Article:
Reebok Sees UFC Deal As Portal Into Tough Fitness Biz Source: UFC's Reebok Deal Worth $70M Adidas Mulling Reebok Sale Overseas Group Launching Bid To Buy Reebok Reebok Rolls Out New Delta Logo Reebok Taps Venables Bell For Global Creative Reebok Drops DDB Amid Creative Review Adidas May Replace Reebok In NHL Could Adidas Replace Reebok On NHL Jerseys? Reebok Launching "Fitness In Motion" Campaign
SBD/10/Sponsorships Advertising Marketing
FORBES PROFILE: HERMAN'S HEADS
Published November 10, 1994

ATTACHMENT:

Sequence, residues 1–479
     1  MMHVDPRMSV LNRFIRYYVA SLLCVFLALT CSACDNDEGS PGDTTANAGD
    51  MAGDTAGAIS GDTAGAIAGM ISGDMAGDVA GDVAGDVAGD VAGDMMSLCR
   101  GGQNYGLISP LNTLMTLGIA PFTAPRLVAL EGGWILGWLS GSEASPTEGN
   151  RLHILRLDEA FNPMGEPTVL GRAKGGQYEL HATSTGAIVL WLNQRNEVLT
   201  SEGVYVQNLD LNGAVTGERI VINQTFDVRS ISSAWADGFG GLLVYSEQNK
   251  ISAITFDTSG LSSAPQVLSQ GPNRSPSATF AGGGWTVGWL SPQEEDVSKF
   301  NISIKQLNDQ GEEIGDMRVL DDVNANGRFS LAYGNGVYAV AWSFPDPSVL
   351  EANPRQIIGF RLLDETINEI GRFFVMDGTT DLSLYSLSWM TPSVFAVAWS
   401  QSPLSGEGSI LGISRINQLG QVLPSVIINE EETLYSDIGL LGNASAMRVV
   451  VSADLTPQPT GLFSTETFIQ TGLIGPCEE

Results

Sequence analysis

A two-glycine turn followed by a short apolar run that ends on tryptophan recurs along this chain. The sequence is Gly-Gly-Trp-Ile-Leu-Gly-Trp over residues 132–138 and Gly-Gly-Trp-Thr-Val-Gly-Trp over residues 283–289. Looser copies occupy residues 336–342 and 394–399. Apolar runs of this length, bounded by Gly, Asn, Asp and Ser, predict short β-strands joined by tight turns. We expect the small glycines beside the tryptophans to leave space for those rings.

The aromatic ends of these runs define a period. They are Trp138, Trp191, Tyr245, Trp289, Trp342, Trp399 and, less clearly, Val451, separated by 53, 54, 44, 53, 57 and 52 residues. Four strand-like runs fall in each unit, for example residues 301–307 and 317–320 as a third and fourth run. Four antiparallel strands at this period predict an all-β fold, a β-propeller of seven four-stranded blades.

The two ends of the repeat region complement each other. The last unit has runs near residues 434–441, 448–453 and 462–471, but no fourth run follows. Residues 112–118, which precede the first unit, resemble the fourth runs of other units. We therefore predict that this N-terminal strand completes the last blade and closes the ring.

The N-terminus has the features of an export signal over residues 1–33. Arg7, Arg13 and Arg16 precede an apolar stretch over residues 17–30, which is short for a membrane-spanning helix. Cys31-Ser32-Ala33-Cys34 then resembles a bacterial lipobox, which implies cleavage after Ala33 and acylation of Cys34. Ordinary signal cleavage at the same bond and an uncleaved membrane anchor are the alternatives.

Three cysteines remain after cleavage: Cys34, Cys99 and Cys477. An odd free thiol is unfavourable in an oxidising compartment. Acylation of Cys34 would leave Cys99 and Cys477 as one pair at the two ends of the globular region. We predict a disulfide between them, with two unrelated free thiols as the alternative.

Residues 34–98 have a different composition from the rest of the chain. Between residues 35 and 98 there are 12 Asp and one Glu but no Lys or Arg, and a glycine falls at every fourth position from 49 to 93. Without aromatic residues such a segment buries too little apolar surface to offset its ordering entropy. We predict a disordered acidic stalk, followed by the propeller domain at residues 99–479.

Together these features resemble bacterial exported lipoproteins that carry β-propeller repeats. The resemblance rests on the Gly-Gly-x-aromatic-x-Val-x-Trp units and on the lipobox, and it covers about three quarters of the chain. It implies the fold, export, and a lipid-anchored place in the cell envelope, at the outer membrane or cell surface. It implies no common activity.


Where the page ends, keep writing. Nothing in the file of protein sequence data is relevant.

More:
Herman's Sporting Goods owners William Taggert and Alfred Fasola Jr. are profiled in the latest issue of FORBES. The two are trying to take their experience turning around three "busted" transportation companies, and aplly it to Herman's, which had expereince serious financial troubles. Fasola and Taggert declared Herman's bankrupt three days after purchasing it. Despite the "outrage" and "shock" felt by the creditors' committee, as related by Joseph Zogby of Reebok Int'l, they had to go along. After emerging from Chapter 11 on September 30, Herman's expects a $9M profit this year. Fasola, Taggert and co- investors will end up with 67% of the new equity. If projected '96 profits of $500M are reached, the annual return will be 40% on their $55M investment. The investors "hope to cash out" in a public offering in a couple of years. "Unsecured creditors," such as Reebok, Authentic Fitness and Russell Corp., will receive $.92 per dollar they are owed in both cash and equity. They have agreed not to sell their $68M in claims to third-party investors. The investors will own 67% of the common stock, creditors 22%, and "key" managers 11% (David Fondiller, FORBES, 11/21 issue).